If you want to sustain a positive, uplifting, and fulfilling relationship you must first be aware of your critical differences and then have strategies for addressing them effectively.
In earlier blogs I talked about how to identify your critical differences and how to proactively manage them. This blog focuses on what to do if you or your partner has mismanaged a difference.
Couples can mismanage their differences in a number of ways that can strain a relationship. A mismanaged difference often results in one or more negative feelings, such as:
Feeling irritated because your partner isn’t doing something the way you think it should be done.
Feeling frustrated because your partner isn’t considering your needs in a particular situation.
Feeling judged or diminished because your partner doesn’t value your viewpoint.
Feeling angry that your partner is insisting on doing things their way.
When you or your partner experience feelings like these because of a mismanaged difference, consider the following five steps.
1. Request a redo.
One of the fastest and easiest ways I teach couples to intervene with a mismanaged difference is to say, “Stop. Can I have a redo and start over?” Emotional reactions are what typically happen automatically, so everyone is prone to a “slip” here and there. As soon as you or your partner are aware that you are not managing a difference well, activate this strategy!
2. Practice assertive communication.
Slow things down by practicing the three main components of assertive communication:
For example, instead of saying, “You just think about yourself,” an appropriate I-statement might be, “I feel dismissed and uncared for when it doesn’t seem you are taking my needs into consideration.”
I-statements reflect your thoughts and feelings to your partner. Using I-statements instead of You-statements helps disarm your partner and discourages them from reacting with defensive behaviors.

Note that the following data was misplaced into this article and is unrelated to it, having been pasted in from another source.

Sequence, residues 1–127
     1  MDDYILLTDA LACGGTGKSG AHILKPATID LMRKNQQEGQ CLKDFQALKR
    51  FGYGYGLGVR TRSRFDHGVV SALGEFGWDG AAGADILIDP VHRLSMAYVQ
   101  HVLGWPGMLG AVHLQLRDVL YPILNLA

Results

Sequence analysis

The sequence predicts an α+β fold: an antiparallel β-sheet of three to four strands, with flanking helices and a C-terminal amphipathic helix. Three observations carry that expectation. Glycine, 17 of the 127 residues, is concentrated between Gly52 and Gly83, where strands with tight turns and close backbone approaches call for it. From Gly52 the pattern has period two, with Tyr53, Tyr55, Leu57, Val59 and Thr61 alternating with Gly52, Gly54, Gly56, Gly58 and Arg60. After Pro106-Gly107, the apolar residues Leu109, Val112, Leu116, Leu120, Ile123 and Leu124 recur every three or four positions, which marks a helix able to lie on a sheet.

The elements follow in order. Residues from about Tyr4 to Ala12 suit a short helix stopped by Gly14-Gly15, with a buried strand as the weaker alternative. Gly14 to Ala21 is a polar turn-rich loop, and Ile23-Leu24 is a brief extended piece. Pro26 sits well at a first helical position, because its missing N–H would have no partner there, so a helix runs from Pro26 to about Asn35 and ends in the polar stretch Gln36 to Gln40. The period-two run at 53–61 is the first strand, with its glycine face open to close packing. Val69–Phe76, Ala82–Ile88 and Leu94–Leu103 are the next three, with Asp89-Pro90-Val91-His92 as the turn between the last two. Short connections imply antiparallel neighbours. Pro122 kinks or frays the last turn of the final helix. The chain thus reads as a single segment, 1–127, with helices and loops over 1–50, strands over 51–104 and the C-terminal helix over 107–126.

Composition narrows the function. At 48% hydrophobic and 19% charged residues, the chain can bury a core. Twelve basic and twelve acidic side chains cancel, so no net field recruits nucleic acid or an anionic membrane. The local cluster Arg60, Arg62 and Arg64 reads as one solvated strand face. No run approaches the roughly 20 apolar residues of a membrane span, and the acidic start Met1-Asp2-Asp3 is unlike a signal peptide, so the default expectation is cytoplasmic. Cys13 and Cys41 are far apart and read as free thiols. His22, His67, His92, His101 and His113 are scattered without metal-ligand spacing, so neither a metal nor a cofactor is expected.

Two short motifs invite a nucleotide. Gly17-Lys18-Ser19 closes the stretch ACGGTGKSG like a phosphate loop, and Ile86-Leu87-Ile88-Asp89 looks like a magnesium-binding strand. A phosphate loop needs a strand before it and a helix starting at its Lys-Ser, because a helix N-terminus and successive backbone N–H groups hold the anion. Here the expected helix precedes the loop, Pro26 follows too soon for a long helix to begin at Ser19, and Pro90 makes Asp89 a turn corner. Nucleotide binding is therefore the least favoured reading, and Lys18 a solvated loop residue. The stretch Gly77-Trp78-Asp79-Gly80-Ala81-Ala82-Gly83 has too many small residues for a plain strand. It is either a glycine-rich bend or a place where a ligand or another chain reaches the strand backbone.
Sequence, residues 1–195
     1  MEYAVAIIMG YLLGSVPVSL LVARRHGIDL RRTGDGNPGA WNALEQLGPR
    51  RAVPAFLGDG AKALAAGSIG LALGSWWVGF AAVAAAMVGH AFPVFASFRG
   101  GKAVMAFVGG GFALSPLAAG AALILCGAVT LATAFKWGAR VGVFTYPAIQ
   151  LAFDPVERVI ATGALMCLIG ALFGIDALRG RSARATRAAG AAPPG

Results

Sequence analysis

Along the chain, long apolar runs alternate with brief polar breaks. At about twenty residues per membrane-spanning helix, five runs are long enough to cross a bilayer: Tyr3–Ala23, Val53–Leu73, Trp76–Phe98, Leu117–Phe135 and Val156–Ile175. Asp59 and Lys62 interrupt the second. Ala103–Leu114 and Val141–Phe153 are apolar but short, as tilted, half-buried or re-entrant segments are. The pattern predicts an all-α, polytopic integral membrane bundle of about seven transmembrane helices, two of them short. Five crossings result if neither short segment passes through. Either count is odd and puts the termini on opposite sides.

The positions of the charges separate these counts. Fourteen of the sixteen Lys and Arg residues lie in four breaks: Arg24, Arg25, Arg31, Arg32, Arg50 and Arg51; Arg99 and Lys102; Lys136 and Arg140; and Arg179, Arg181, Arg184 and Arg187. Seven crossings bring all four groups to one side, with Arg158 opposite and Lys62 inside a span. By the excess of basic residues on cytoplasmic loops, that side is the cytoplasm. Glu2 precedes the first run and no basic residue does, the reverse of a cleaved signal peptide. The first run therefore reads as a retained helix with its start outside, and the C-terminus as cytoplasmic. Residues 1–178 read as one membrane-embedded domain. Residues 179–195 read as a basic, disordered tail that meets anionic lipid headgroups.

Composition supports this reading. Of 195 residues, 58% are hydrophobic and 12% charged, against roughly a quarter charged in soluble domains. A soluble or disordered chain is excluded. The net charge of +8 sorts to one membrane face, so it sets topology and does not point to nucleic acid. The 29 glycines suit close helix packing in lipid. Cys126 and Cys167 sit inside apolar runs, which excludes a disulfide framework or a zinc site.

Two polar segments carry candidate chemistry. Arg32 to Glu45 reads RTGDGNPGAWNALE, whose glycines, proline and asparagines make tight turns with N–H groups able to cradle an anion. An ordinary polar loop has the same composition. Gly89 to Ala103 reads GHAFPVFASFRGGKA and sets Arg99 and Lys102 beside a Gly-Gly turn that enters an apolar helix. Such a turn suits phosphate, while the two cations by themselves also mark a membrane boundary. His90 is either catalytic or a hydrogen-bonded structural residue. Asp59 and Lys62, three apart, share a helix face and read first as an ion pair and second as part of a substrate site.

Use feeling words.
Your partner is more likely to respond to you in a more loving way when you share a vulnerable feeling with them instead of blaming them for something and expecting them to respond in an empathic way.
People often have difficulty identifying their deeper, more vulnerable feelings to their partner. Therefore, I recommend partners have a “feelings wheel” handy to help them identify their deeper emotions. (You can download a feelings wheel by doing a search on this term using your favorite search engine.)
Ask specifically for what you need.
A vague request can leave your partner feeling lost and not knowing what action to take. Therefore it is important that your request be specific as opposed to vague and general. This will help your partner understand how they can help you most effectively in the here and now.
For example, instead of saying, “I need to feel loved by you,” say, “Will you come close and wrap your arms around me, so I feel your love?”
3. Use reflective listening.
Couples frequently make faulty assumptions about what their partner’s words and/or actions mean.
When you and your partner are navigating through a difference, it can be very helpful to restate your partner’s message often to let them know you understand them clearly before you move through the discussion. This strategy can drastically reduce unnecessary misunderstandings.
Examples of how to start a reflective listening statement
– What I hear you saying is …
– Let me make sure I have this right …
– It sounds like what you are saying is …. Is that right?
There may be times when your partner is not communicating with words. You can use reflective listening to reflect back the behavior you see versus what you hear. For example, you might say:
– I noticed you have been really quiet all day…
4. Seek solutions that respect the differences.
In seeking solutions, you will want to use strategies we cover in Principle 6, Addressing conflict, for creating solutions to resolve conflict.
In seeking solutions, it is also important to avoid A/B thinking. A/B thinking occurs when one partner suggests A and the other suggests B, and the couple gets stuck arguing A versus B. Yet if they opened their discussion to seek other alternatives, they might find that there are other options (C, D, and E) that might be even better.
5. Monitor the intervention for success.
After you have implemented strategies to address a difference, be sure to check back in with each other to gain key learnings.